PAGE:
“If this helps give other people a bit of courage to speak to their families or friends or work colleagues, then just do it,”

James Childs sat down with BBC’s LGBT Sport Podcast to discuss his experience as a Super League referee.

“I don’t necessarily broadcast it but just live my life normally, and that’s the way I’ve chosen to deal with it up until now.

“And in many ways, my sexuality and my job are completely separate and it’s irrelevant,” he said.

Childs started his referee career in 2009, having been on the Rugby Football League’s elite panel for nearly 11 years.

He privately came out to his fellow referees 10 years ago but decided to open up to the public in the BBC podcast.

“The way I’ve lived my life on social media, I’m pretty open about the fact I have a male partner.

“I wasn’t quite sure what to expect but I’m delighted generally speaking that it’s been overwhelmingly positive. I think the worst I’ve seen is indifference, which is absolutely fine,” he said.

Since coming out, RFL’s acting head of match officials showcased his support for Childs, stating: “James has been an elite referee for more than a decade and has made a major contribution to the game.”

He continued: “It’s great that he is sufficiently comfortable and confident to have done this interview and we share his hope that it will help in terms of promoting respectful attitudes throughout rugby league.”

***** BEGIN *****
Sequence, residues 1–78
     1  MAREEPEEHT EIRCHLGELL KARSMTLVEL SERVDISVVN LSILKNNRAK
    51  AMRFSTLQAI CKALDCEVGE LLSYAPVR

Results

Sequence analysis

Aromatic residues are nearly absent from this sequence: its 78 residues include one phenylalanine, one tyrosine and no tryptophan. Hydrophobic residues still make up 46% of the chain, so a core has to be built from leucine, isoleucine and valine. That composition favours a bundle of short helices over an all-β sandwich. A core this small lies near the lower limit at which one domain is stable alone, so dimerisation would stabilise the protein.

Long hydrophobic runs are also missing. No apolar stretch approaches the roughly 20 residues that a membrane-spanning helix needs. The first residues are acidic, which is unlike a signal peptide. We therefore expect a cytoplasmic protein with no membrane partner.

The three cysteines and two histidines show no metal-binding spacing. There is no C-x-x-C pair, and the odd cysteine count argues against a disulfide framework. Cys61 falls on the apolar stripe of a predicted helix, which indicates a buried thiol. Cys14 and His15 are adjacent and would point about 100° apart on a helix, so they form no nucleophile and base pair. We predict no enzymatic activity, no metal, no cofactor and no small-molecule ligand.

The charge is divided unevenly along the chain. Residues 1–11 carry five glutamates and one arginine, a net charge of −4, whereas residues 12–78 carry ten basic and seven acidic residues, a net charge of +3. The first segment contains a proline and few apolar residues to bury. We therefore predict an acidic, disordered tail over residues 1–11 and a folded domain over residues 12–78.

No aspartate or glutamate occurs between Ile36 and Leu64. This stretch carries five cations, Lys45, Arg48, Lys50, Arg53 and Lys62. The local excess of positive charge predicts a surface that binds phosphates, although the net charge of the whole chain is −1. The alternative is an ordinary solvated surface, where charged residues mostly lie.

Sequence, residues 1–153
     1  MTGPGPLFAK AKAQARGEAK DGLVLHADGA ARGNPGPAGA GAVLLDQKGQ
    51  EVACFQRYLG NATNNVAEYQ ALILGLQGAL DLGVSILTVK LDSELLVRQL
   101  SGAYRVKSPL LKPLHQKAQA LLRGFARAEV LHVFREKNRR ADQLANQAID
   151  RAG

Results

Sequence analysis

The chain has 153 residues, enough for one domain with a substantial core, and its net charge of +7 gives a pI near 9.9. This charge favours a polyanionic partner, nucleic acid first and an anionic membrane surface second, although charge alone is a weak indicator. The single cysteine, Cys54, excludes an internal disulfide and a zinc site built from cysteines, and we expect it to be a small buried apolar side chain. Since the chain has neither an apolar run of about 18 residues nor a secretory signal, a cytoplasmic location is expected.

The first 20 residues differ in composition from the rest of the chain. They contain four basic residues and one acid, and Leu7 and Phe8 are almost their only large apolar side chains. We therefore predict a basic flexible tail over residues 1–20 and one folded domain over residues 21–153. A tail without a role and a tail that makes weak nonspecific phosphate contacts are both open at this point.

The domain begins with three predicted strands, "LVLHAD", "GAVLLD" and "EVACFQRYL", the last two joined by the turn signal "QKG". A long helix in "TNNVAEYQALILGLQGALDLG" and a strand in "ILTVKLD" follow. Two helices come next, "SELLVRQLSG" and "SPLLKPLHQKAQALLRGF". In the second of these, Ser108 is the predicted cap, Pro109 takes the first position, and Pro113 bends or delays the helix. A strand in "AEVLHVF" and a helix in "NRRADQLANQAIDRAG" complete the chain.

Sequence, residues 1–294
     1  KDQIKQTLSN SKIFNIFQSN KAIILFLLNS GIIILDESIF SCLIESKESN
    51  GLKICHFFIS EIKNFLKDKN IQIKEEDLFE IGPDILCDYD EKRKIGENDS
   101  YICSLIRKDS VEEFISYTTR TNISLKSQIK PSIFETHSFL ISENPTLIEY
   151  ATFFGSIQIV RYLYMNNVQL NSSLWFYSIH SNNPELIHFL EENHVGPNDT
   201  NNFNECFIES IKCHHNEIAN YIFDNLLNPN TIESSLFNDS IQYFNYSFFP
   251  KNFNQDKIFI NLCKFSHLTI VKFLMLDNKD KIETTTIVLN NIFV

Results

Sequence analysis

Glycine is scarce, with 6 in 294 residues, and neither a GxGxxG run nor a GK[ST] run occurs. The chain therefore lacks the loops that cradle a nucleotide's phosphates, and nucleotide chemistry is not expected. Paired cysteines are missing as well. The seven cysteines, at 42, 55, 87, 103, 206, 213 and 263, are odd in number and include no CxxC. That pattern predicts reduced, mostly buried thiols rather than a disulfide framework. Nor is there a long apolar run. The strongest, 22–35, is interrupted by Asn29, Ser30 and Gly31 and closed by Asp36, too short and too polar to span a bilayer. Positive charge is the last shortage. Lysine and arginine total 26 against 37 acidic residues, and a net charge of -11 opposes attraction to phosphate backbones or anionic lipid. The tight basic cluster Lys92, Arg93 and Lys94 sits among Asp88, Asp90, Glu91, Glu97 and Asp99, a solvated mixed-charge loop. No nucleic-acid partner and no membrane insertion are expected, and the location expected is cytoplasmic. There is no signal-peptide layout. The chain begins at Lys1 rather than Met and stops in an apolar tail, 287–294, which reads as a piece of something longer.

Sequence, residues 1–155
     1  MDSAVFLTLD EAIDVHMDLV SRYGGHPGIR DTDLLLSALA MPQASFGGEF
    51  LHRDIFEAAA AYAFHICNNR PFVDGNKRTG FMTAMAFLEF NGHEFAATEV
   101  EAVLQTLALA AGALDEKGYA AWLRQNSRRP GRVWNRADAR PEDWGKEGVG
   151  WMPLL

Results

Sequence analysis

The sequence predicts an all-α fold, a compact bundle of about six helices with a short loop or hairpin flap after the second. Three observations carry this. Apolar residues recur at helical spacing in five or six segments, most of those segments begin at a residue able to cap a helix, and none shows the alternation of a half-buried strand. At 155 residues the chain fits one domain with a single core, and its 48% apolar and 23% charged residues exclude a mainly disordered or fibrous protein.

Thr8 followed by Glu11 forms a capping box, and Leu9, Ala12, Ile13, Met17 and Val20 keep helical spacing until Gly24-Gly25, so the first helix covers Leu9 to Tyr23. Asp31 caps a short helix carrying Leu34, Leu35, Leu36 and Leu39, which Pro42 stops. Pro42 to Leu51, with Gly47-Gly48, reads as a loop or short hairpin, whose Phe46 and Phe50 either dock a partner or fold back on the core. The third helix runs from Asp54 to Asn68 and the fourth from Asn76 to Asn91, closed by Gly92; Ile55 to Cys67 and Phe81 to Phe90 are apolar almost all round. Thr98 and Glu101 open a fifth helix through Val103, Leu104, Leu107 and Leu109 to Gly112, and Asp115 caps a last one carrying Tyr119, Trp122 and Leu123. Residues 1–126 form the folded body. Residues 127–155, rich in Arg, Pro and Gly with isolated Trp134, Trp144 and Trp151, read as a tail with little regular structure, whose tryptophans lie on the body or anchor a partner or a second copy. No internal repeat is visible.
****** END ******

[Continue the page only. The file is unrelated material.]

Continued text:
Childs also opened up about the homophobic abuse he’s received before he even came out.

“I do receive my fair share, including a couple of death threats over the past few years that have been referred to the police.

“I’m not saying that’s all to do with my sexuality, but I certainly think one, if not two of those were homophobic.

With the Super League due to start back up in the coming months, Childs hopes for the season when the fans return, stating: “The reaction today was really encouraging and I’m confident that when crowds are back in, it shouldn’t be an issue and I’m sure it won’t be. That’s pretty much what I wanted. ”

James Childs joins the ever-growing LGBTQ+ community, within the professional rugby league.


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